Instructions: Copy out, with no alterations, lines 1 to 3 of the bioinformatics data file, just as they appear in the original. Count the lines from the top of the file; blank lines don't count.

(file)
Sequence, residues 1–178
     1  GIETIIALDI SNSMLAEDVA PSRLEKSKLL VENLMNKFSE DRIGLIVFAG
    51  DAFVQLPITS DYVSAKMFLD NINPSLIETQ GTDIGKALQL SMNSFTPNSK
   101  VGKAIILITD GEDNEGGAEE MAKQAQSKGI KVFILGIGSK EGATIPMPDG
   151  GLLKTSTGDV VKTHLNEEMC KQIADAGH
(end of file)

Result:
Sequence, residues 1–178
     1  GIETIIALDI SNSMLAEDVA PSRLEKSKLL VENLMNKFSE DRIGLIVFAG
    51  DAFVQLPITS DYVSAKMFLD NINPSLIETQ GTDIGKALQL SMNSFTPNSK